So I installed everything listed above (sans Vista of course) on Windows XP.
My XP installation has carried over 10 different alpha, beta, CTP and RTM builds of VS "Whidbey" (VS 2005), "Yukon" (SQL 2005) and WinFX (.NET 3.0) since 2003. In the past, installation has sometimes been troublesome, but I always managed to get it working.
This time it was the easiest ride ever: the WinFX Beta 2 stuff deinstalled without problems and the RC1 stuff installed just fine without a single reboot in between.
Oh, and one other reason why I am not ready to fully switch to Windows Vista yet: I want Windows Vista Ultimate, but I am not willing to pay $399 for it or buy a new machine with an OEM license. Microsoft has not yet announced if the Ultimate Edition will be included in my MSDN Subscription.
Sunday, I am going on a one-week trip to the South of France, near Carcassonne. The trip is organized by the Dutch travel organization SNP. Here is the description of the trip (in Dutch). The following pictures are from the SNP site (photograph taken by Ben van Hecke):
BTW: Due to the heavy flood of comment spam here at BloggingAbout.NET, comment moderation is switched on on my blog. If you want to make a comment on one of my blog posts and have it appear immediately, please register as a user first. Otherwise anonymous comments will not be published until I get back and get the opportunity to do so.
Microsoft's Rico Mariani has two very interesting posts that shed some light on when to prefer structs (value types) and public fields over classes (reference types) and properties. He explains why it is a good thing to break Microsoft's Design Guidelines (partially enforced by FxCop) in certain situations.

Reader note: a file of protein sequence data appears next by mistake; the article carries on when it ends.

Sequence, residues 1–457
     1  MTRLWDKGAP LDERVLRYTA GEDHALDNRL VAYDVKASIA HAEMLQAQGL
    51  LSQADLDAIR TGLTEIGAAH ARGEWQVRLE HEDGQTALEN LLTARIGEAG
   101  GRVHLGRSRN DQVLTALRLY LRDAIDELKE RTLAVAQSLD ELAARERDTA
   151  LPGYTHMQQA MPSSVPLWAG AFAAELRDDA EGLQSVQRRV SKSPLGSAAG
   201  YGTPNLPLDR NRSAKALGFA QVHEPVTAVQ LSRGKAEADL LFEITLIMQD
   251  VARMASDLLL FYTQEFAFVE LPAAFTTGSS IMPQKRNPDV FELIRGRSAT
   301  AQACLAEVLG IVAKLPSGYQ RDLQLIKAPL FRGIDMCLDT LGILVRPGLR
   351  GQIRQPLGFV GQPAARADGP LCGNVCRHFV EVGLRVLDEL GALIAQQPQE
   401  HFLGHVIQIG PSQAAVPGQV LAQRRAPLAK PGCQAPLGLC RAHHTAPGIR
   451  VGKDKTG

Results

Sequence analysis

If you have some time to spare, go read the first post to ponder on the questions he asks. Then check out the comments made to that post. Finally, read Rico's answers to the questions in the second post.
If you want to cut to the chase, go right to the second post.
I installed the RC1 build on three machines without any problems. Installation is pretty fast if you do a clean install on a separate partition and it should take no more than about 30 minutes with few questions asked.
Compared to the pre-RC1 build 5536 that I installed previously, I noticed a couple of changes. For example, the Aero Glass interface has become more stable. There is less flickering of the screen when you change display modes, like when you start Windows Media Center or start a slide show. The experience has become smoother.
Microsoft has released the first Release Candidate (RC1) of WinFXthe .NET Framework 3.0 on September 1, 2006. It is the same version as the one that comes preinstalled with Windows Vista pre-RC1 (build 5536) or RC1 (build 5600).
The RC1 runtime download is 48.7 MB in size. The June 2006 CTP was 45.8 MB in size. The download contains the setup for the original .NET Framework 2.0 that was digitally signed by Microsoft on September 23, 2005.